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Let me start off by saying I'm a PHP developer, not an ASP one. (And I really wish ASP had isset().) And I'm working in a live environment so I don't really have an opportunity to do any testing.

All the resources I've found suggest different ways to test for the existence of a variable.

Here's what I'm trying to do:

On SOME pages, I set a variable which holds a value for a robots <meta> tag:

dim dsep_robots
dsep_robots = "nofollow,noindex"

All pages include header.asp. In my header file, I want to test whether dsep_robots has a value and if so, output that value, otherwise, output nothing.

I think that testing whether dsep_robots has a value might look like this:

if not dsep_robots = "" then
    '...
end if

Best practices in PHP state that when you're using a variable that may or may not exist, you should always test if (isset($var)) {...} (not doing so will trigger a Notice if the variable doesn't exist).

Is there such a thing in ASP -- i.e. do I really need to test if it exists, or can I simply test if it has a value?

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Did either of the two answers below work for you? :-) –  stealthyninja Nov 30 '10 at 20:31
    
I decided to go with a different approach, where this was no longer an issue. –  Jazzerus Dec 1 '10 at 16:59
1  
Well, you could perhaps decide which answer you liked best and Accept it (even if you went with a different approach) just for the sake of rewarding at least one of those who took his or her time and effort to try to help you out. Just sayin'. –  Cyberherbalist Feb 22 '12 at 23:03

3 Answers 3

ust by the way, your question isn't about classic ASP, it is a VBScript question. VBScript can occur in scripts outside of ASP. And compilation isn't done in VBScript, because it is an interpreted language. Nevermind.

I think there's some confusion here -- and your question seems to have more to do with uninitialized variables than undeclared variables. For undeclared variables, see below.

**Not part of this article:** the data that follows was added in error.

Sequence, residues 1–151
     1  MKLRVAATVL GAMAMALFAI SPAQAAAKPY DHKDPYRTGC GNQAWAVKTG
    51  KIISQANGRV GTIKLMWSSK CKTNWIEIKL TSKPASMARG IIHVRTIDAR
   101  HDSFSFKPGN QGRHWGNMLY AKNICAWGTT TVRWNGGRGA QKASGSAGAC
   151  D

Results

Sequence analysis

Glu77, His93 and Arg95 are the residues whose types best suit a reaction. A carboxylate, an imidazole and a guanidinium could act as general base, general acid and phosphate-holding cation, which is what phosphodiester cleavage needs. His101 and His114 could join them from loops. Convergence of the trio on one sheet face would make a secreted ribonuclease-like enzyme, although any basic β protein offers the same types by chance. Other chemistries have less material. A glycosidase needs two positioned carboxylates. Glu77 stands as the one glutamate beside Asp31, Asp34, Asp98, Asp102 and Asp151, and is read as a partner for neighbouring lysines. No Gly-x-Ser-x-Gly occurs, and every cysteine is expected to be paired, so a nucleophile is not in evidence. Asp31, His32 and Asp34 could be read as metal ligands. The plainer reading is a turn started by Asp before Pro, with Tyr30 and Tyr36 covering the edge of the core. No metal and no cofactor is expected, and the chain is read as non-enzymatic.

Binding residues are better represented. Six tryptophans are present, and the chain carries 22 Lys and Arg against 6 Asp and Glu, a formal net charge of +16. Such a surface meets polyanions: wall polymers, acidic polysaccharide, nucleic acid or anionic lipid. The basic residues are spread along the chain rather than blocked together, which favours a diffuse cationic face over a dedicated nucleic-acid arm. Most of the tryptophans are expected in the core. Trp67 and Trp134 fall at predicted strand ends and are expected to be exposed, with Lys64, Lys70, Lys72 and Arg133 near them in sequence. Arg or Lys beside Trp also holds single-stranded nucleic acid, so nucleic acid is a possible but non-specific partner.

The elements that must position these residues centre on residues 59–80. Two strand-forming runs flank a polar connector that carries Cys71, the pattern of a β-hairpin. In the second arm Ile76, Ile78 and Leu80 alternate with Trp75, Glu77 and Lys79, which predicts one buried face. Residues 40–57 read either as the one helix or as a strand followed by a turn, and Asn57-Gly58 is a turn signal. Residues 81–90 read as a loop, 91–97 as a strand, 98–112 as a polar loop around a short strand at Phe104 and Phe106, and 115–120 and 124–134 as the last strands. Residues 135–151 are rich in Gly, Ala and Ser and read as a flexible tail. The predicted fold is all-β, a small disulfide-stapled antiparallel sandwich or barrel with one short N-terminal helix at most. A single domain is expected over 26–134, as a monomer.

For uninitialized, try the function IsEmpty. For checking for null, try the function IsNull.

dim x
x = 1
dim t
Response.write isempty(x)
Response.write "<br>"
Response.write isempty(t)   

Will display:

False

True

Detecting Undeclared Variables

If you include Option Explicit in your header, use of a non-declared variable will cause an runtime error. If your script is not Option Explicit it will not generate an error, and there is no function that will tell you if the variable has been declared or not. This sounds sloppy, and it is, but it was intentional.

The only way you can escape this is to actually set Option Explicit and then trap the error that you will get when you try to use the undeclared variable. If you trap this particular error you will find that it has Err.Number = 500. So, the following will do what you want:

Option Explicit

dim x

On Error Resume Next

Response.Write dsep_robots  
If Err.Number > 0 Then
    Response.Write Err.Number
end if

Of course, if you set Option Explicit and your code is rife with undeclared variables then you'll get errors being thrown all over the place, so you'd need to set On Error Resume Next at the top of your code so you can successfully ignore it, and only trap it when you want to.

By the way, here's Microsoft's online reference for VBScript:

http://msdn.microsoft.com/en-us/library/d1wf56tt(v=VS.85).aspx

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I originally had it tagged ASP.NET, which was retagged by DOK as ASP-classic. As for Option Explicit, the shopping cart software being used on this site doesn't set it, and being a live site, I really don't want to make any change that could cause lots of errors, even if it's in the interest of ASP best practices. I think I'm going about it wrong. Instead of Dim'ing a variable and then <!-- #include file="header.asp" -->, I should instead perform a check inside header.asp to determine which file it's being included in. –  Jazzerus Nov 4 '10 at 18:23
    
If you don't have Option Explicit turned on, you can also use IsEmpty to check for undeclared variables. You won't be able to tell the difference between undeclared and uninitialized, though. –  Cheran Shunmugavel Nov 4 '10 at 22:37

@Jazzerus: I'd recommend putting the code within header.asp into a Sub, something like

Sub outputHeader(ByRef MyTitle, Byref dsep_robots)    
  'contents of header.asp
End Sub

...and then in your calling pages include header.asp right at the top and use

outputHeader "Title for this page", "value you want dsep_robots to have for page"

If you don't set dsep_robots on that page, then just leave the second parameter blank ("")

Then just checking if the variable is empty or not within the Sub should suffice:

If dsep_robots <> "" Then
  Response.Write dsep_robots
End If
share|improve this answer
    
Is it possible to call a function inside header.asp if I'm including it using a SSI: <!-- #include file="header.asp" --> ? –  Jazzerus Nov 4 '10 at 18:27
    
@Jazzerus: Yes, it is. –  stealthyninja Nov 4 '10 at 18:48

What about:

 If NOT IsEmpty(myvariable) Then...

that seems to have been working for me.

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